Tue Mar 9th, 2021 at 06:57:22 AM EST
France has underestimated impact of nuclear tests in French Polynesia, research finds | The Guardian |
The Mururoa Files, a collaboration between investigative journalism newsroom Disclose, Princeton university's Program on Science & Global Security and an environmental justice research collective, Interprt, suggest the impact of the Aldébaran, Encelade and Centaure tests of 1966, 1971 and 1974 was far greater than officially acknowledged.
"The state has tried hard to bury the toxic heritage of these tests," said Geoffrey Livolsi, Disclose's editor-in-chief. "This is the first truly independent scientific attempt to measure the scale of the damage and to acknowledge the thousands of victims of France's nuclear experiment in the Pacific."
France's national institute of health and medical research (Inserm) last month published a report on the health consequences of the tests, arguing it "could not conclude with certainty" that there was a link between them and the multiple cases of cancer that have emerged on the islands, but stressing a need "to refine dose estimates".
The Mururoa Files' modelling of the fallout from the Centaure bomb alone - the last to be exploded in the atmosphere before France's tests moved underground - suggests Paris has, in fact, underestimated contamination on Tahiti by as much as 40%, potentially allowing tens of thousands more people to be officially recognised as test victims.
The Radiological Situation at the Atolls of Mururoa And Fangataufa | IAEA - June 1998 |
France faces Hague complaint over Polynesia nuclear tests | France24 - Oct. 10, 2018 |
France's Nuclear Testing Programme
France was the fourth nation to join the "Nuclear Club" when it successfully detonated a large nuclear device in Algeria in 1960. Over the next five years, France conducted 17 nuclear weapons tests at two locations in Algeria. Four were atmospheric tests and 13 were detonated underground.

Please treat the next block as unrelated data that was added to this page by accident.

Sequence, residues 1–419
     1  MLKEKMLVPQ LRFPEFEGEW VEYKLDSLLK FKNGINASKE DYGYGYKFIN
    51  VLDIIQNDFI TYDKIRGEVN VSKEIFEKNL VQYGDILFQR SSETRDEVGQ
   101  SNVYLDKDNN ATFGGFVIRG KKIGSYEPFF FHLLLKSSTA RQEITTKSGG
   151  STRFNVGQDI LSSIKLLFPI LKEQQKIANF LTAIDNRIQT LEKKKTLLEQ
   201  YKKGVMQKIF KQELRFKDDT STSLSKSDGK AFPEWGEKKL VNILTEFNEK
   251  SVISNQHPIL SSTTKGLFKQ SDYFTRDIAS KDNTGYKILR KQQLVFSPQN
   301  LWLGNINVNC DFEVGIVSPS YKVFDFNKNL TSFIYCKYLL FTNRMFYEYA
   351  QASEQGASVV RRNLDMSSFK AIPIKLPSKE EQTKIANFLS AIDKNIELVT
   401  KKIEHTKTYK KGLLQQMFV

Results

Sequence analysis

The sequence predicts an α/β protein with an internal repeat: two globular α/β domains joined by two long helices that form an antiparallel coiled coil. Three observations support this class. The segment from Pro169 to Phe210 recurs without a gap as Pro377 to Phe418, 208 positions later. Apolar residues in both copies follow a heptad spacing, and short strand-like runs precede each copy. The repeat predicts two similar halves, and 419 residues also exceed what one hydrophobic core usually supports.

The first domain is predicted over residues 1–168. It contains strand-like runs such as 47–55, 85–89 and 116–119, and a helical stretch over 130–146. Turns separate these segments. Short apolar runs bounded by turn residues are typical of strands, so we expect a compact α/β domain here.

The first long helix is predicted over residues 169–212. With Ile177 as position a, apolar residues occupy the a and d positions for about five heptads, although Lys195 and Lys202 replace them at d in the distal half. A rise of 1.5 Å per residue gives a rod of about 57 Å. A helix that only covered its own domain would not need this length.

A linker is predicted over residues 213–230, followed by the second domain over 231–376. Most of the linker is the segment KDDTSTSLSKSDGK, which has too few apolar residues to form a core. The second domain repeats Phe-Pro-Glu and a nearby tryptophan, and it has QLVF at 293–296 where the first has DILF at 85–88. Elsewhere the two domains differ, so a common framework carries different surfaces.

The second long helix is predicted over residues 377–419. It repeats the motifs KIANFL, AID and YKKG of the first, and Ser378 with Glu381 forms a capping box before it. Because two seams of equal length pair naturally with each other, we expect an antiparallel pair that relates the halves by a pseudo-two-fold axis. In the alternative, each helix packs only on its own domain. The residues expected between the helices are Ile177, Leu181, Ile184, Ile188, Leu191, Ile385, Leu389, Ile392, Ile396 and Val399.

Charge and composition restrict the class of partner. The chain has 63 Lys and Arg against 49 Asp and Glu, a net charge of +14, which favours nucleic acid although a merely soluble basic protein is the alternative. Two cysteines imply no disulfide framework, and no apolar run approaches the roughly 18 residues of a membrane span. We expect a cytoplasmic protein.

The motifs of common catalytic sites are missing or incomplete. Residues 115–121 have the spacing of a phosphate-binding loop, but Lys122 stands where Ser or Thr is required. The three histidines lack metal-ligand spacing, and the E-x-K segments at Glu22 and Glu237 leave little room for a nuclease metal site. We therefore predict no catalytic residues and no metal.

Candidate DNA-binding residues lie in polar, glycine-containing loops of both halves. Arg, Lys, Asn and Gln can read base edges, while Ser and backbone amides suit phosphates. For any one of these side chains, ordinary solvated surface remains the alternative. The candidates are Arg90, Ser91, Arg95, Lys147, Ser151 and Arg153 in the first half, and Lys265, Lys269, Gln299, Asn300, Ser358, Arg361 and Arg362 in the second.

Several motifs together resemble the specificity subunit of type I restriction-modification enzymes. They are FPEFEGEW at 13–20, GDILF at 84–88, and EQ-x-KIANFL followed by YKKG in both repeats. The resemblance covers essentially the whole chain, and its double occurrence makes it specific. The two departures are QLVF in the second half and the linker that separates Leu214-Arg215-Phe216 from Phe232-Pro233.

Françafrique: Radioactive Disaster Niger
Extracting a radioactive disaster in Niger | Down to Earth - March 2019 |
For 40 years, French firms have been extracting uranium ore in the heart of the Sahara. But instead of benefiting, local communities in Niger have suffered in misery.
France: The old colonial master
The interest of France in Niger dates back to the colonial era; however the discovery of untapped uranium reserves in the country further reinforced this interest. It is France that gets the real benefit of uranium ore in Niger by reinforcing the Franco-African policy in the continent. Critics say it is ‘neo-colonialism’ which aims to subjugate sovereign African states.
Though Niger got its independence in the 1960s, France still plays an influential role in the country — thereby playing a monopoly-game to tap its natural resources. Since the discovery of uranium in Niger, a major chunk of the ore has been exclusively exported to France for over 40 years by Areva, the state-owned nuclear power company of France.
In the northern part of the country, pastoralist communities like the ethnic Tuareg have survived on their livestock for generations. But the present generation of Tuareg are not that fortunate as their forefathers.
“The air, water and land are polluted around the mining towns”, reports a journalist based in the Nigerien capital of Niamey, on the condition of anonymity. “And the animals of the pastoralists are constantly falling sick due to their grazing pastures being contaminated with radioactive dust”, he further adds.
Tuareg Declare Independent State in Mali (Gaddafi Mercenaries) | @BooMan - April 2012 |
North Africa, Sahel and Maghreb – Chaos after Western (Military) Intervention | @BooMan - June 2015 |
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